Extension Ag Update
January/February 2003
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Containment For On-Farm Storage of Agrichemicals

The Illinois Pesticide Act and rules contain requirements for the proper storage and handling of pesticides and fertilizers. Original requirements mainly focused on commercial and noncommercial facilities and became effective January 1, 1990. Many changes have occurred in agriculture since 1990, including merger and consolidation of many agrichemical companies and an increase in farm size. These changes have made on-farm, noncommercial storage of bulk agrichemicals more feasible. The Illinois Director of Agriculture, under the authorities granted in the Illinois Pesticide Act and the Illinois Fertilizer Act of 1961, is responsible for creating reasonable requirements for storage and handling of agrichemicals. Increases in the number of producers installing or considering addition of bulk-storage facilities on farms facilitate the need for environmentally responsible and economically reasonable containment requirements.

Requirements: Effective July 1, 2002 Illinois farmers who were not subject to the earlier requirements and who have been or will be storing agrichemicals in excess of certain amounts will be required to provide secondary containment for those storage tanks. Producers will be required to register their sites and apply for a containment permit through the Illinois Department of Agriculture. These new containment requirements for on-farm storage sites are not as comprehensive as those for commercial facilities. All liquid pesticide and liquid fertilizer nonmobile storage tanks at an on-farm storage facility must be located within a secondary-containment structure. Dry fertilizer or dry pesticide materials must be stored in a manner to prevent pollution by minimizing losses to the air, surface water, underground water, or subsoil. Dry pesticides and fertilizers must be stored inside a sound structure or device having a cover or roofed top, sidewalls, and base adequate to prevent contact with precipitation and surface waters.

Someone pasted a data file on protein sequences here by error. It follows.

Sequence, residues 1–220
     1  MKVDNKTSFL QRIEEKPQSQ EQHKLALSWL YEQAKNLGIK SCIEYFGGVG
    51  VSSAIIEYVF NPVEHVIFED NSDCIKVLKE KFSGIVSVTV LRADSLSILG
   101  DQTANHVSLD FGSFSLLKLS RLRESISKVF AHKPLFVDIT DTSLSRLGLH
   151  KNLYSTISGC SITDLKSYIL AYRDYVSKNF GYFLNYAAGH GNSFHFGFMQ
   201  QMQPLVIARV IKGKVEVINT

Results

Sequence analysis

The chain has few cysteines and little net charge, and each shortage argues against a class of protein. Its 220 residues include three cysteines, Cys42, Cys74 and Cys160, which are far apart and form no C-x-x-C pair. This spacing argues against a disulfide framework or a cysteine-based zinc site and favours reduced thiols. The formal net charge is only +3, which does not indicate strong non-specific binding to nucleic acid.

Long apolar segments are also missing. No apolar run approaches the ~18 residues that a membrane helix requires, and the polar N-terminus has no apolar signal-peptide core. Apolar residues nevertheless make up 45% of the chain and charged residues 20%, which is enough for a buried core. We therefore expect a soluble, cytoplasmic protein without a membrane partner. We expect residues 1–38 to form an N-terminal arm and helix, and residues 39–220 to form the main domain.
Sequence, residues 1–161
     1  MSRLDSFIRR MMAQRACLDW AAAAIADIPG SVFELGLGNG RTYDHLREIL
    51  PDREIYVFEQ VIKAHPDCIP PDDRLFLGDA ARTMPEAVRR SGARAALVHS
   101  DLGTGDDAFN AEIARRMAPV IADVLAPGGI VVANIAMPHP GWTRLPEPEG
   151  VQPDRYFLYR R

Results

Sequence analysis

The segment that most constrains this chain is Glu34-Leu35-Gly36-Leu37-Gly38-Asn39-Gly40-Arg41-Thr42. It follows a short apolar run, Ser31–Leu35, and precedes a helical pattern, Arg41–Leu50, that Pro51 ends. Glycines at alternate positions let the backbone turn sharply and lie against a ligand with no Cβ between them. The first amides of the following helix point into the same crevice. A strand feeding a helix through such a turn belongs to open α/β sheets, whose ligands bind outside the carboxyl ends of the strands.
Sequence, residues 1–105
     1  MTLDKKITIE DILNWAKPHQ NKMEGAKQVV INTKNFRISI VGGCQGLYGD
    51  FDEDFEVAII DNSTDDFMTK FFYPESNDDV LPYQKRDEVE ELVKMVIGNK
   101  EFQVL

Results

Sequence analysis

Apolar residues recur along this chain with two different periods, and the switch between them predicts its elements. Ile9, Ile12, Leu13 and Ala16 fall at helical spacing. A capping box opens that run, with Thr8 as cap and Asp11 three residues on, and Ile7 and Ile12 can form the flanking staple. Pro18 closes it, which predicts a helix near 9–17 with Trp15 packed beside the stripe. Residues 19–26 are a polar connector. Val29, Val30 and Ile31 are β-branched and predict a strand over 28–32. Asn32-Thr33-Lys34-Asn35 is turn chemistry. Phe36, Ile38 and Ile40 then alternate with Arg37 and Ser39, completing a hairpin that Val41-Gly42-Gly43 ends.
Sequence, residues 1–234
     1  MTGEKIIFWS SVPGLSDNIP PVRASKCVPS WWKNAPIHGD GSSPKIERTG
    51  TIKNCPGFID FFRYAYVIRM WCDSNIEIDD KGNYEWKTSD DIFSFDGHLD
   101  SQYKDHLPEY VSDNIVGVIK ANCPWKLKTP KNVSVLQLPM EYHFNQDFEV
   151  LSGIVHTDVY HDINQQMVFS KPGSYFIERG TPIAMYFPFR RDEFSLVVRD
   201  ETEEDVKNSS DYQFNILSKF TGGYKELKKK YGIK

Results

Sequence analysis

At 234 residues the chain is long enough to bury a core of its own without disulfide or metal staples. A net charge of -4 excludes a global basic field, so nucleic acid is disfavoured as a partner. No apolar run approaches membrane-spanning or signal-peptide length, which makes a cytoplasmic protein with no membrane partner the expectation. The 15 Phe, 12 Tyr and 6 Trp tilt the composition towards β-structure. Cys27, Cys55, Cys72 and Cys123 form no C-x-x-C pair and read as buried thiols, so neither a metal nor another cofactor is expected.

Definition: An on-farm storage facility is a permanent site designed and used for noncommercial storage of pesticides or fertilizers for more then 45 consecutive days in a single, nonmobile container that exceeds the following capacities: 300 gallons of bulk liquid pesticides, 300 pounds of bulk dry pesticides, 5,000 gallons of bulk liquid fertilizer, or 50,000 pounds of bulk dry fertilizer. Also, to qualify as an on-farm storage facility, it must not be used for commercial purposes or would not meet the entire definition of a non-commercial agrichemical facility, which includes mixing and loading of agri-chemicals and the noncommercial application of pesticides and fertilizers.

Time frame: All existing on-farm storage facilities may continue to operate as they meet the compliance time frames listed here. Facilities not in existence on July 1, 2002, must install secondary containment before the storage facility can be operated. All existing on-farm storage facilities must register with the Illinois Department of Agriculture by March 31, 2003. Upon receipt of a completed registration form, the department will issue a compliance schedule to each registered facility by June 30, 2003. Detailed construction plans and specifications of the secondary-containment structure must be submitted to the department as part of the permit application by March 31, 2004. Permits must be obtained before any construction can begin. All secondary-containment construction must be completed by June 30, 2005. Contact the Illinois Department of Agriculture for registration forms and additional information: On-Farm Storage Facility Program Illinois, Department of Agriculture, Bureau of Environmental Programs, P.O. Box 19281, Springfield, IL 62794-9281, (217) 785-2427 or (800) 641-3934